It’s never too late to do the right thing. Recently, the Cuyahoga County Public Library, which serves the greater Cleveland, Ohio, area, got a surprising, 51-year-old gift. The library’s Parma branch, one of 27 tributaries, received a mysterious bubble mailer via the U.S. Postal Service. Inside, the librarians found a vintage Life magazine from September 1968, featuring The Beatles on the cover.
The Parma staff, tickled (and flummoxed) by the belated return, took a picture of the iconic issue and shared it with their fellow library branches. After making the rounds on social media, the unique journey of this 1968 magazine has become something of a suburban Ohio sensation. Robert Rua, of the Parma branch, says the copy of the magazine is undeniably theirs, though they don’t have records of periodicals from that long ago.
“It has our ownership stickers on it, the ones the library puts on our materials to make sure the items end up back with us,” he says. “So it clearly was one of our magazines … there’s a sticker in the upper left corner that is similar to the ones on our current magazines.” The return of a magazine from five decades ago is significant, as the library currently has no other magazines from this era. (They tend to not keep them quite so long.) Luckily, Rua says, the item was returned in fair shape—not mint condition, but there are no missing pages or egregiously frayed edges.
The sender, a basically anonymous “Brian,” also included a brief note, along with a money order for $100 to cover outstanding late fees. “It came with a very brief letter, and the letter said: ‘Hello, I stole this magazine from the Parma Ridge Road Library when I was a kid. I’m sorry I took it. I’ve enclosed a check for the late fee,’” Rua says. The branch processed the money order as they would any other late fee, although, by this point, the librarians had simply cut their losses and declared the special Beatles Life issue a “missing item.” Technically, Brian hadn’t actually accumulated the late fees, though—as he said, it was stolen, not checked out.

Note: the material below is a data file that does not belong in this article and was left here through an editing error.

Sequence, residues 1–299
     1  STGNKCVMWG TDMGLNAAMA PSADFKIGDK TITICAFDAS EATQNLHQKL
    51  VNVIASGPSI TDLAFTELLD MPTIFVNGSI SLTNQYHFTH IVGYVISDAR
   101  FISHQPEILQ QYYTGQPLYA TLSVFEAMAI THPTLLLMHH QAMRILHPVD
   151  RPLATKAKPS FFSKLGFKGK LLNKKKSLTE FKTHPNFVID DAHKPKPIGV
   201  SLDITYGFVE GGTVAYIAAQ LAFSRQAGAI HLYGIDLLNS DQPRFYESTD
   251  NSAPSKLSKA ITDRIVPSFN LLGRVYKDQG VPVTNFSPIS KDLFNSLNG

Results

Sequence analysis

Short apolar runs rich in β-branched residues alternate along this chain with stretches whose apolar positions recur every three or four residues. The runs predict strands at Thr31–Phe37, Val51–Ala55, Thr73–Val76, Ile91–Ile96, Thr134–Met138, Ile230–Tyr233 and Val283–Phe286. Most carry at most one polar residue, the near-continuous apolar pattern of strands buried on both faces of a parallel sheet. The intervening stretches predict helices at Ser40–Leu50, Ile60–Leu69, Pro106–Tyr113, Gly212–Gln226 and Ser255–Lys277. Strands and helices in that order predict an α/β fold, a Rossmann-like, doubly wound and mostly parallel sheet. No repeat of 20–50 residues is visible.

“The money order is signed but the last name is virtually impossible to make out, and the envelope just says Brian and claims to have been sent from an Air Force base,” says Rua. “So we don’t know who Brian is, he’s a mystery person. We don’t know why he sent this back to us after so many years.” In 1968, the branch building (which has since been remodeled) was walking distance from nearby schools, so it’s assumed that Brian was a student at the time, and probably just enamored with the biggest celebrities in the world.
Inside this highly collectible issue of Life, there’s an article on Richard Nixon, and a significant feature story on The Beatles. It was a significant moment in American and music history. “September 1968 was just two months before they released the White Album,” Rua says. “And inside the magazine, the feature on The Beatles is the first of a two-part story that is an excerpt from the first official biography of The Beatles written by Hunter Davies, which I believe was the only authorized biography of The Beatles that was ever written.” Davies’s history of the group was published in full that month as well—just two years before their earthshaking breakup.
The issue, because of its unique past, is going to have an interesting future. Says Rua: “We do have plans to put the magazine on display along with [Brian’s] letter, and a plaque that says: ‘It’s never too late to return your library items.’”